Over the years, potential clients have approached me to request that I draft a prenuptial agreement. A prenuptial agreement is a written agreement made by a couple before they marry which determines ownership of their respective assets should the marriage eventually fail. A prenuptial agreement could include other provisions as well, including matters regarding maintenance or the characterization of property (community or separate).
The first question I always ask a client when approached to prepare such an agreement is: when are you getting married? If the wedding date is in close proximity to the date I am contacted, I will decline to draft the prenuptial agreement for the potential client. Here are the reasons why:
Prenuptial agreements are creatures of caselaw and must be prepared with precision in order to be enforceable in court. To determine the enforceability of a prenuptial agreement, a court undertakes a two-prong analysis. Under the first prong, the court determines whether the agreement is substantively fair, that is, whether it makes reasonable provision for the spouse not seeking to enforce the agreement. If the agreement makes a fair and reasonable provision for the spouse not seeking its enforcement, the analysis ends and the court will find the agreement as enforceable.
If, as in most situations, the agreement is substantively unfair to the spouse not seeking enforcement, the court proceeds to the second prong. Under this second prong, the court determines whether the agreement is procedurally fair by asking two questions: (1) whether the spouses made a full disclosure of the amount, character, and value of the property involved and (2) whether the agreement was freely entered into on independent advice from counsel with full knowledge both spouses of their rights. If the court determines the second prong is satisfied, then an otherwise unfair distribution of property is valid and binding upon the parties.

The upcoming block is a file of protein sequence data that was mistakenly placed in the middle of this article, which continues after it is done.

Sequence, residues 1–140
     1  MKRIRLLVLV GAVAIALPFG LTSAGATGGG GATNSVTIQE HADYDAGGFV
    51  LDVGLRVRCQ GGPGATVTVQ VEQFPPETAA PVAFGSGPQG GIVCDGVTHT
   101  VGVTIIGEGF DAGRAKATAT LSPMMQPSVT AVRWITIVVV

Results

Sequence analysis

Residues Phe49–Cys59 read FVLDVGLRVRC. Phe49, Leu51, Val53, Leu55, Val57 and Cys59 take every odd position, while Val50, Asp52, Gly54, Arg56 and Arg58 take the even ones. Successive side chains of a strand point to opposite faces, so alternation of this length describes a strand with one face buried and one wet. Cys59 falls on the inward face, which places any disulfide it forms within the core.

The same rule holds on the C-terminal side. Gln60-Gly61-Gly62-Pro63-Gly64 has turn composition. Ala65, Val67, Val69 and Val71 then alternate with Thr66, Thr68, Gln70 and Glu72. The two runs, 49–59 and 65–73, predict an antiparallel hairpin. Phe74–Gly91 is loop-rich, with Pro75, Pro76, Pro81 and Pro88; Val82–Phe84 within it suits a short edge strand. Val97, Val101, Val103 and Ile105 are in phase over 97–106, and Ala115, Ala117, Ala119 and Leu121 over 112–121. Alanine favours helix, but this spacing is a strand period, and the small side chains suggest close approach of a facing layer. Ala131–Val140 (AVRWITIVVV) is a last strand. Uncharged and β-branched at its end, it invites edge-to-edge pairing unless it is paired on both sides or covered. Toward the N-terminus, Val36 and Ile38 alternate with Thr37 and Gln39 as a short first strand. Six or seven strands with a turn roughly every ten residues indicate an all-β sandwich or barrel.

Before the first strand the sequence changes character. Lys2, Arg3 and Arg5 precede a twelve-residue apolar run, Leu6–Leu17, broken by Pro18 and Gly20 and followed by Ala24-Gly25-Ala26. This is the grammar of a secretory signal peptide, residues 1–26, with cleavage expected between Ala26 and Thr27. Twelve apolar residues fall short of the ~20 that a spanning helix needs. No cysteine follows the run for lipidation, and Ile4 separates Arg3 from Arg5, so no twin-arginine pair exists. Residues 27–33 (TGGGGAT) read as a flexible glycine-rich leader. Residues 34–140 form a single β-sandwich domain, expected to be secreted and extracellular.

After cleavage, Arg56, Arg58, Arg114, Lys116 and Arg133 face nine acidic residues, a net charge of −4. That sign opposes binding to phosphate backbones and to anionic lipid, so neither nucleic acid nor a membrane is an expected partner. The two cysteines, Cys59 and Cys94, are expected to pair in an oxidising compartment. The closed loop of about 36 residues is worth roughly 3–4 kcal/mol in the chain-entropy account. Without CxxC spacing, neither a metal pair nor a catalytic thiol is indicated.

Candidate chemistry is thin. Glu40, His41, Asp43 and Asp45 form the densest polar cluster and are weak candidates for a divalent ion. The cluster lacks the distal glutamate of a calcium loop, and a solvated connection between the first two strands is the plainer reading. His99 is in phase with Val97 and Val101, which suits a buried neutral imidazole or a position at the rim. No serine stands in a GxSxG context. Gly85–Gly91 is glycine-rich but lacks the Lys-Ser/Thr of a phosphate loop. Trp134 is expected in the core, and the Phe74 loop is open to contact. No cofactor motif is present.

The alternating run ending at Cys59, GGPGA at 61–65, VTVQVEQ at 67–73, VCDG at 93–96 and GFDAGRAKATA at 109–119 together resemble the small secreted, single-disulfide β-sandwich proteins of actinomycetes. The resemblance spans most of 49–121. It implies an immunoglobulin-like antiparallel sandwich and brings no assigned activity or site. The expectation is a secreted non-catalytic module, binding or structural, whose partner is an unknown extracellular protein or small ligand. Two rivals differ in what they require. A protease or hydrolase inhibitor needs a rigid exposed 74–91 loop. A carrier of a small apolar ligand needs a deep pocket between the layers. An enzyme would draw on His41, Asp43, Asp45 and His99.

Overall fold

When a potential client seeks to have an attorney draft a prenuptial agreement in close proximity to the wedding date, more often that not wedding invitations have already been sent, wedding arrangements and receptions have been booked, and so forth. The disadvantaged party may feel coerced or pressured into signing a prenuptial agreement under such circumstances. Additionally, it may be difficult for parties to effectively make a full disclosure of their assets (real estate with fair market values, IRA, 401(k), automobiles, boats, collections, etc.) and debt (student loans, credit card debt, mortgages, etc.), or for the disadvantaged party seek competent legal counsel to review a draft of a prenuptial agreement with enough time prior to the wedding date. The bottom line is that a court would likely find that such a document, even if executed, would not be enforceable in the future.
If you find yourself in a situation where you wish to consider a prenuptial agreement, I strongly recommend getting started well in advance of your wedding date – preferably before sending out invitations or announcing the date of the wedding – and each party hiring experienced counsel.